Despite having traded it in to have a discount on Nintendo Switch’s Arms, there’s still something that fascinates me about For Honor. The always online, multiplayer fighting game by Ubisoft has faced very, very bad days in its earliest phase, but might be approaching a quick comeback as it gets closer and closer to more content to fuel its long term ambition and, finally, dedicated servers to support it.
New Wave Of Content
Just a few days ago, Ubisoft announced a new wave of content and polish that will lead the game in Seasons 3 and 4 among August and February 2018. It’s a similar operation to the one that made Rainbow Six Siege become the success it is today, so I have a good feeling about it all – at the point that I’m almost convinced to buy a new copy of the game (also considering how much cheap it is now) and return to the fight with a huge amount of hope.
But let’s be clear about what’s happening now. A good game doesn’t deserve all this – something like R6 Siege’s “Operation Health”, which isn’t called like this with For Honor but is very close to being like that, is only required to titles that ship in a very bad shape and need to almost completely be reworked. The fact itself Ubisoft feels the urgency to call these patches something like “Operation Health” or to offer visual art/tables to make what’s coming clearer to users… well, I can appreciate that but is really a quite disturbing thing to look at, as much of the stuff in there should almost be a given for players around.
In-game Economy – How It Is A Problem
For Honor is flawed not only by connectivity issues, its internal economy is totally awful and the developers will be obliged to rethink about it in a way that game provides users with the right amount of reward for them to spend all that time in it. So less time needed to get meaningful rewards, and more meaningful rewards. On top of that, once they do it (and this is probably the phase that is starting in August) – only then – they can keep adding content like map and heroes. For Honor needs a brand new foundation upon which they can extend all the content available.
What Exactly Community Wants
Again, I’m quite confident that this will give the game a new beginning, as also more cooperative modes (like 4v4) are going to be introduced and this will expand the sense of community which is clearly missing now. For Honor has been launched as something different from other games in Ubisoft’s portfolio. The Division, Ghost Recon Wildlands, Rainbow Six Siege – they all share the concept of team and the idea of community that (apart from all the rework Ubisoft has been doing to fix the mistakes they, purportedly, keep doing with every always online game launch) has represented a tool for them to shift based on people’s feedback and build the title users, not developers anymore, wanted to be made.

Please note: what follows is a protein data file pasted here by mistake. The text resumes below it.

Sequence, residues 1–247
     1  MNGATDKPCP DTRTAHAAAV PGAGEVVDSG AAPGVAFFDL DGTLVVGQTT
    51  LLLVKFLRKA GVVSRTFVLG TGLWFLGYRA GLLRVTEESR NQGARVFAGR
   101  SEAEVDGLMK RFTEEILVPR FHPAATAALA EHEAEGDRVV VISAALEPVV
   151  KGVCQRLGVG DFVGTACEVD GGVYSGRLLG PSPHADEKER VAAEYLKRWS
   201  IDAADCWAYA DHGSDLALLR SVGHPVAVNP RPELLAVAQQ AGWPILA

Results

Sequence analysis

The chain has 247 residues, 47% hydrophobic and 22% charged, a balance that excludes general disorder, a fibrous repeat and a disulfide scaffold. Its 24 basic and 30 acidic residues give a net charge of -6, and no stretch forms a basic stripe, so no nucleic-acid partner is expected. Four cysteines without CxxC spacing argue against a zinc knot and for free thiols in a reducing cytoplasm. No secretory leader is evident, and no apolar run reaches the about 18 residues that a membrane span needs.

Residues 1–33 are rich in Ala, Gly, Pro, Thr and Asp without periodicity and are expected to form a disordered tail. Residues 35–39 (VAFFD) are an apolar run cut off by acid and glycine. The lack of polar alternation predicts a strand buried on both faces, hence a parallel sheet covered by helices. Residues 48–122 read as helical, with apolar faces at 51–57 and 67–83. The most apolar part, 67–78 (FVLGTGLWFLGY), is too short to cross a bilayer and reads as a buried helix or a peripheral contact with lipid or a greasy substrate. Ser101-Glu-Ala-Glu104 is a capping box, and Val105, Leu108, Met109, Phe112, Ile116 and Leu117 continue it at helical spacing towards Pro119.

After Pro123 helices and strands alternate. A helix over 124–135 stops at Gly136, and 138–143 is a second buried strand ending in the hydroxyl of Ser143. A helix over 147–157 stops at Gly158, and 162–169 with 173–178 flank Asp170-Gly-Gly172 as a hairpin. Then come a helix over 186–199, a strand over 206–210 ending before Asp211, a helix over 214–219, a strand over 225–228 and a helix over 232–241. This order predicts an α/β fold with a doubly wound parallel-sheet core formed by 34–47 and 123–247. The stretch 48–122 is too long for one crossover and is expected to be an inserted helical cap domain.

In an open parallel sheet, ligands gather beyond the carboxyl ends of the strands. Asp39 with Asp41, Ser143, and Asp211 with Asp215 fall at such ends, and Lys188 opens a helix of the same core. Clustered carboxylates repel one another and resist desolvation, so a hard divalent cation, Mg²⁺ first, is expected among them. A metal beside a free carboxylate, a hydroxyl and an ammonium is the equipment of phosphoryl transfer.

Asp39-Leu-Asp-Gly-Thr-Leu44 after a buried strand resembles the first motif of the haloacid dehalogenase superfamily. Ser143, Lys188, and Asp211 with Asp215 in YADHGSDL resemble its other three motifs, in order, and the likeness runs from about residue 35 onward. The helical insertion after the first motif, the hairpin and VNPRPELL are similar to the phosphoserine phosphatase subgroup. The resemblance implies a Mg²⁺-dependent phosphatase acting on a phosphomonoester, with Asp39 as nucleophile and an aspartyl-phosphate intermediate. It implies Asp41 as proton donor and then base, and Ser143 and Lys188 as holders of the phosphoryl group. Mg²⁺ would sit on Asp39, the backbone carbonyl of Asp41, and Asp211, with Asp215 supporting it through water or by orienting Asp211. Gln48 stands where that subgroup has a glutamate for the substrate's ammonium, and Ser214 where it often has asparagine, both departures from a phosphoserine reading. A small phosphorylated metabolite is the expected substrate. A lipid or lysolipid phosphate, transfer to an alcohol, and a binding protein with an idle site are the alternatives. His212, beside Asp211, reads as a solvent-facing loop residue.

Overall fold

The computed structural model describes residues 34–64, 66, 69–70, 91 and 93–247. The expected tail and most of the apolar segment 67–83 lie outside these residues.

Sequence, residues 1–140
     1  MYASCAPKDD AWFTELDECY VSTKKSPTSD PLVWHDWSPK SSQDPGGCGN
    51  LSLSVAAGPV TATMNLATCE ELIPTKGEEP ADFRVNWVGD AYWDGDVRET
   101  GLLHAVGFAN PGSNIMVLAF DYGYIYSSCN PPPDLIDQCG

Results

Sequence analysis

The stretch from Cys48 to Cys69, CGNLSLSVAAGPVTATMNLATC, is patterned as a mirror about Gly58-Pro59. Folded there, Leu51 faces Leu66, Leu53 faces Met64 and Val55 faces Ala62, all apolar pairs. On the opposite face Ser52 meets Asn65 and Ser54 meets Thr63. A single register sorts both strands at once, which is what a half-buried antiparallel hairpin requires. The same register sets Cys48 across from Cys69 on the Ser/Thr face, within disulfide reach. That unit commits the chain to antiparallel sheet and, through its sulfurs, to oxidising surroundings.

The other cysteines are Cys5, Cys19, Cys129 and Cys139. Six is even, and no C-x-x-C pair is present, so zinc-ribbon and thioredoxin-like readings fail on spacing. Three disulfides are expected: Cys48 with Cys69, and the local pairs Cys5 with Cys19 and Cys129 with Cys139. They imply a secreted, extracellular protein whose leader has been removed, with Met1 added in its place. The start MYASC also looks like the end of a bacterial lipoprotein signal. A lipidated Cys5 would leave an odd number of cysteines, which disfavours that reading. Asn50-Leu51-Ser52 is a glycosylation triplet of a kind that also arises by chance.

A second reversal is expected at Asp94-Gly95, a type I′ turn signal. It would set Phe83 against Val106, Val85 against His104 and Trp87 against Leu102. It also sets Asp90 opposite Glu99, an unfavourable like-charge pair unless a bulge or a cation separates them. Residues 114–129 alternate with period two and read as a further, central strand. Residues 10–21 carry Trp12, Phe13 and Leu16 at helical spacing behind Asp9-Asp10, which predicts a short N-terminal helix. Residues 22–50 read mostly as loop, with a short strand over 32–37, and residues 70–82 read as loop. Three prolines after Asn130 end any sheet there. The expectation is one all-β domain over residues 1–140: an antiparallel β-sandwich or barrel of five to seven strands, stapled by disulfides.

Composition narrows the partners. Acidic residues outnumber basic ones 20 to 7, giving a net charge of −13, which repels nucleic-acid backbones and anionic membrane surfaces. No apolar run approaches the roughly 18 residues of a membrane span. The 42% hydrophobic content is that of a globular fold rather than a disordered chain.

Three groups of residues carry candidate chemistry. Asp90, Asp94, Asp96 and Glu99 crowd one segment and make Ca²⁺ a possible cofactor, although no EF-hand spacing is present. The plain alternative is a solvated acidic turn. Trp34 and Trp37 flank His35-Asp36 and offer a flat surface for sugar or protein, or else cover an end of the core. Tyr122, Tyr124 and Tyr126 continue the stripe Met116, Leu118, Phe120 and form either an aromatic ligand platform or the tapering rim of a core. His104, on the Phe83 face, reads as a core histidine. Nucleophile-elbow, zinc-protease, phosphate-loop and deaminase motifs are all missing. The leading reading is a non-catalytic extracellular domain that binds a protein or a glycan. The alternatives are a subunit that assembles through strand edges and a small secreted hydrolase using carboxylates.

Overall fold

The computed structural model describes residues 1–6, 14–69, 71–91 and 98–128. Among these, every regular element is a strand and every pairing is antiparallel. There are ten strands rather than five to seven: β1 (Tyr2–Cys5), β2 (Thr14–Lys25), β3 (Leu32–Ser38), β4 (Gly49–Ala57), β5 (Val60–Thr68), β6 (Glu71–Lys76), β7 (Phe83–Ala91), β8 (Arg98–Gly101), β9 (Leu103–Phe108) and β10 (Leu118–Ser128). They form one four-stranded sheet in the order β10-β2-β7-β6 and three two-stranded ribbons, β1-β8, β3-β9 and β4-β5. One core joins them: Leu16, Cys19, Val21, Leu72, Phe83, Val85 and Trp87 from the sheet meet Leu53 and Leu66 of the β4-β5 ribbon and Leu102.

This is a different beast. As a standard fighting game, For Honor comes with a more personal experience, one that you want to live alone and then, at most, feel the desire to describe and share with your friends. Ok, there’s a multiplayer mode where you can fight in a team against another team of foes, but let’s be clear – everyone fell in love with the For Honor that allows you to just focus on a duel, with its amazing fighting system, and not the one that’s basically a deathmatch where all the things you learnt in 1v1 don’t mean anything anymore.
That mode is missing the point with what the game really means to people (who love the core fighting mechanics, or at least most of them), can’t grant people’s engagement because it’s all so random and doesn’t present any real objective for you to fight for. It’ll be interesting to see whether they can, in the upcoming (in the fourth Season), replicate what of good they’ve done – maybe with some more and better balance – with the 2v2 duel mode.
Let’s take a look, now, at all the content, new modes and polish coming by February 2018:
- Ranked matches
- Fighting-system alterations that will make attacking less risky and defending less of a sure bet
- A new tutorial and training arena to let you practice your combat techniques
- A move to dedicated servers, which will improve connectivity and match stability.
- Four new heroes
- Four new maps
- A slew of new gear and emotes
- More frequent technical and balancing updates.
Ubisoft’s Efforts Enough?
Is this enough? Well, this is sure enough a good, new beginning. In my opinion, if you were surprised by the fresh concept behind For Honor, and passed upon it because you heard all the (rightful) negativity involving the game post-launch development, between now and the end of August it’ll be a pretty nice moment to get into the fight. It’ll still need everyone’s patience, but at least it looks like Ubisoft is getting in the best path possible. You’re basically the only ones who can allow this game to live on.
On top of that, this might also be a good indication for the makers of the game: it’s a good moment, for them too, to understand they need to build more content, and better polish, since the titles’ launch and not only when things turn into a disaster. There’s still time to learn, as Ubisoft has confirmed they’ll only launch new IP like this – I’m staring at you, Skull and Bones.